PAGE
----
This is a section that will contain tips that are applicable to more than one platform and related aspects of Web Development such as good practices and things like that. [sb_child_list]

ami ec2 quick LAMP install

This is what I run when I want to quickly create an AWS instance running apache, mysql and php:
yum install -y php-mysql php-xml php-mcrypt php-mbstring php-gd yum install -y php-pear yum install -y mysql-server yum install -y php-devel yum install php-pecl-apc yum install -y php-pear php-devel httpd-devel chkconfig --levels 235 httpd on chkconfig --levels 235 mysqld on service mysqld start service httpd start echo max_allowed_packet=16M>>/etc/my.cnf echo delayed_insert_timeout=10000>>/etc/my.cnf echo connect_timeout=100000>>/etc/my.cnf
Note: if you need pretty url, make sure that mod_rewrite is enabled (Enabled by default on centos and Ubuntu: a2enmod mod_rewrite). Then make sure the httpd config /etc/httpd/conf/httpd.conf allows overrides AllowOverride all) Then, if I need drush, I install it with the following 2 lines:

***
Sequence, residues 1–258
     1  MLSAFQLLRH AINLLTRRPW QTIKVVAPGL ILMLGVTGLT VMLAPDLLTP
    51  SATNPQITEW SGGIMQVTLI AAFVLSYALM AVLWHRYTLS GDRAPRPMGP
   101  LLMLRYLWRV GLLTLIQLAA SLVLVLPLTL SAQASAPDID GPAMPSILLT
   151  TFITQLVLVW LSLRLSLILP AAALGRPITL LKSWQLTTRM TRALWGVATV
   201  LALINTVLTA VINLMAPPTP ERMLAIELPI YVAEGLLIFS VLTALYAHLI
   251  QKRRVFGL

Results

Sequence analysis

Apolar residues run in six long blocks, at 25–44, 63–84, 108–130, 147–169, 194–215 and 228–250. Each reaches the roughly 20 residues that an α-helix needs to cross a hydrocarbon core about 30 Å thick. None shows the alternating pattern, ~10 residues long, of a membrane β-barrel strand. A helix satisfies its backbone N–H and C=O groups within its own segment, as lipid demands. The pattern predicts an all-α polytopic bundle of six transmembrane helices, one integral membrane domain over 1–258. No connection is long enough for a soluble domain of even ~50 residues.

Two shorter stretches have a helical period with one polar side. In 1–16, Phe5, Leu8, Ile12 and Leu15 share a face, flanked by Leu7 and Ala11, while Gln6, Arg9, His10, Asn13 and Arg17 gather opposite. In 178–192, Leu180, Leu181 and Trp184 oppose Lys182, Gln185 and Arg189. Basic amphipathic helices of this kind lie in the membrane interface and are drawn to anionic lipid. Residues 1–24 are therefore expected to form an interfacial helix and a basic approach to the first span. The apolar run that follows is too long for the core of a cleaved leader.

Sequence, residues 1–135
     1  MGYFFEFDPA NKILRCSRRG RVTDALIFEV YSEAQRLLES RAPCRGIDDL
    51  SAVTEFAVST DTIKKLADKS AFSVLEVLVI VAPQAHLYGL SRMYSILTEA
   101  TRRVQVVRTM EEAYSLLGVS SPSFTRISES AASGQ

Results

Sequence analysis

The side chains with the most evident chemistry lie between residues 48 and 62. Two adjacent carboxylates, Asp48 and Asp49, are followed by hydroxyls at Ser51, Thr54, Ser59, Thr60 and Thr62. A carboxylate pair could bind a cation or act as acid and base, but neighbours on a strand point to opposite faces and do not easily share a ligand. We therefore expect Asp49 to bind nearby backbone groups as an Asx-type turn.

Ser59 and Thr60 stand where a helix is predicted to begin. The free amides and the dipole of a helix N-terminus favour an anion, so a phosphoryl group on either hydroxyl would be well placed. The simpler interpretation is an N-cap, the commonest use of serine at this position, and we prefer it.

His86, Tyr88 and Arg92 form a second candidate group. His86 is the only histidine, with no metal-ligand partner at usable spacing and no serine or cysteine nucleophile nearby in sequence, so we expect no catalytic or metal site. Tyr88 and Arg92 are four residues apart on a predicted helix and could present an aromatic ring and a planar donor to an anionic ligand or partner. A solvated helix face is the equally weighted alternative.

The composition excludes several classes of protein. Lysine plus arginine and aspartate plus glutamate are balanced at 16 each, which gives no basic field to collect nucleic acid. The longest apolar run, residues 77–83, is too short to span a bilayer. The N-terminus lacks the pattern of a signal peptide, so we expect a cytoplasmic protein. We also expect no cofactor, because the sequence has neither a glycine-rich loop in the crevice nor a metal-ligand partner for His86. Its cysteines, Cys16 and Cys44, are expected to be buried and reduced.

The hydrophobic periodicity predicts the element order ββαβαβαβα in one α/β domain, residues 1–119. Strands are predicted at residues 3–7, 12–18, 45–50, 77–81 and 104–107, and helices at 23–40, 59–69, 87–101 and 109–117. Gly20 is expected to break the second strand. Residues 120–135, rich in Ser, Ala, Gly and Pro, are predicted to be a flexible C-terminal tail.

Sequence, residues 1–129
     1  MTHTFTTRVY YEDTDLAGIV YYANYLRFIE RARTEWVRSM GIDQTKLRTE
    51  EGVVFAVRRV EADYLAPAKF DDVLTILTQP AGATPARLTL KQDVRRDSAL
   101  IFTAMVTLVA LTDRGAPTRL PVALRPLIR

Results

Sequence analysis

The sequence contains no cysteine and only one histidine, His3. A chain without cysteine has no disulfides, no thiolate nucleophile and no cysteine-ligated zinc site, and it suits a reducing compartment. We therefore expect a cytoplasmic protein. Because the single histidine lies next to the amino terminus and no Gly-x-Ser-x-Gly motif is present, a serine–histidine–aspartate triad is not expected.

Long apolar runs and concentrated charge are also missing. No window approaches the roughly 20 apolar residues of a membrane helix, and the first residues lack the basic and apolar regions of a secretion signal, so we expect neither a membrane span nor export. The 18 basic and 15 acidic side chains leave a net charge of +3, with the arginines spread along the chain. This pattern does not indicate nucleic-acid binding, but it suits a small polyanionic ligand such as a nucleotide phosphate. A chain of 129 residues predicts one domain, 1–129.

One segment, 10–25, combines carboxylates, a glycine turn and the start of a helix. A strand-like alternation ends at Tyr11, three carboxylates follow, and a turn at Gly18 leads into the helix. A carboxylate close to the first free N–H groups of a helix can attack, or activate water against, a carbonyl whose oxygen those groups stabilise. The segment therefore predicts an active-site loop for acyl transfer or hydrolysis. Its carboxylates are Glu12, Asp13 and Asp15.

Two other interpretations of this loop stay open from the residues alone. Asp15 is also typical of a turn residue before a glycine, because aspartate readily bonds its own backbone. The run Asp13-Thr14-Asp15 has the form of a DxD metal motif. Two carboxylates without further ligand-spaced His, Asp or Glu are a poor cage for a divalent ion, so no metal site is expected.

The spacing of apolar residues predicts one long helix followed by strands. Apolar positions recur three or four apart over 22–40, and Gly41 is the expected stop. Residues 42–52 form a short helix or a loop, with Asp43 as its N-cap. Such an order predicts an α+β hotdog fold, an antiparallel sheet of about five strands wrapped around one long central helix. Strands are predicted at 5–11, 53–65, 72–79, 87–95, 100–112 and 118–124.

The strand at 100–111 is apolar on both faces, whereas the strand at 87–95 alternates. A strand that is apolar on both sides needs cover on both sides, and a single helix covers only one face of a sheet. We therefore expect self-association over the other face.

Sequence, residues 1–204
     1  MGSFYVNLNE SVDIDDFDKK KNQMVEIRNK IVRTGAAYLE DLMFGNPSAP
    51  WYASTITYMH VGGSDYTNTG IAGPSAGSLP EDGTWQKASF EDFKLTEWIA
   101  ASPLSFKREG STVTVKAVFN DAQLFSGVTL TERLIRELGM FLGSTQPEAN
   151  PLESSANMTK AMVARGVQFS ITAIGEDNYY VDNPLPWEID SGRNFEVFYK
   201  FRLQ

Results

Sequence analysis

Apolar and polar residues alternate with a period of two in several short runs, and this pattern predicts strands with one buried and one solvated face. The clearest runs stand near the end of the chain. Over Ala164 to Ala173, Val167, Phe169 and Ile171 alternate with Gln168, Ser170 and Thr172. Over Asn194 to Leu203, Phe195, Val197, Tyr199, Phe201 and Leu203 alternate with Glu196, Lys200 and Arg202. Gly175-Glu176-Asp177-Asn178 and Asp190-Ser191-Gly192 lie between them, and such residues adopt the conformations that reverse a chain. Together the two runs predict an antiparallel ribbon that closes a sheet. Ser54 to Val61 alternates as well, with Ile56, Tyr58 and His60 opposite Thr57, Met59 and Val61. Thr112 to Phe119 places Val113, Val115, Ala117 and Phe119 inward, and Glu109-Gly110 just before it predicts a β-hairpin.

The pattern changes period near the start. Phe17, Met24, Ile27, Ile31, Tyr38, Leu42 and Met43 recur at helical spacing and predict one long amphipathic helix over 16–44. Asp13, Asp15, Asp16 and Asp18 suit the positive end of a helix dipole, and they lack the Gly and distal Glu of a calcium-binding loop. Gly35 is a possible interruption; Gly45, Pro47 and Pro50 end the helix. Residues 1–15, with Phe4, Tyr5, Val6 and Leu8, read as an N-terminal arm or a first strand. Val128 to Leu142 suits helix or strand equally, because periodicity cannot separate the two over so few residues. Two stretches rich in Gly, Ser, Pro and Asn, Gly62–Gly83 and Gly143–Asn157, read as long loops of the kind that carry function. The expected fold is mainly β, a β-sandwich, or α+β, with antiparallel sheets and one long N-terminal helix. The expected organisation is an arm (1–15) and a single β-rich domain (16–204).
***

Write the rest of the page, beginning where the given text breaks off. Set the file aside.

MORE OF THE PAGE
pear channel-discover pear install drush/drush

Installing an ssl host

in /etc/httpd.conf <virtualhost *:443> ServerName ServerAdmin SSLEngine On SSLCertificateFile /etc/certs/ SSLCertificateKeyFile /etc/certs/webdevpower.key SSLCertificateChainFile /etc/certs/gd_bundle.crt Options FollowSymLinks DirectoryIndex index.html index.php DocumentRoot "/var/www/html/secure" </virtualhost>

Create linux swap file

Adding a swap file helps with performance, especially on machines with low memory. Here is my way to create one: dd if=/dev/zero of=/swapfile1 bs=1024 count=4524288 #df -k mkswap /swapfile1 chown root:root /swapfile1 swapon /swapfile1 echo '/swapfile1 swap swap defaults 0 0' >> /etc/fstab

useful shell one liners

The following are a few one liner shell commands I occasionally use:

Node.JS+MongoDB on CentOS

Another selling point is that if you use node.js with a database server like mongodb, it allows to code the whole web application in Javascript. Though most developers have a love/hate relationship with Javascript that varies depending on the day, it simplifies code writing by using javascript all the way from the Server side to the client Side. Because it is relatively recent, it does not run out of the box on Centos Installs. Here are the steps I used:
#Install the EPEL/ IUS repositories from wget wget yum localinstall epel-release-6-5.noarch.rpm yum localinstall ius-release-1.0-11.ius.centos6.noarch.rpm #Install Mongo DB: yum install mongodb-server #install build tools yum install openssl-devel gcc-c++ gcc #Download node.js wget tar xzvf node-latest.tar.gz #change to node directory - version 0.10.5 as of this writing #your actual directory name may be slightly different cd node-v0.10.5 #build node ./configure make make install

Use version control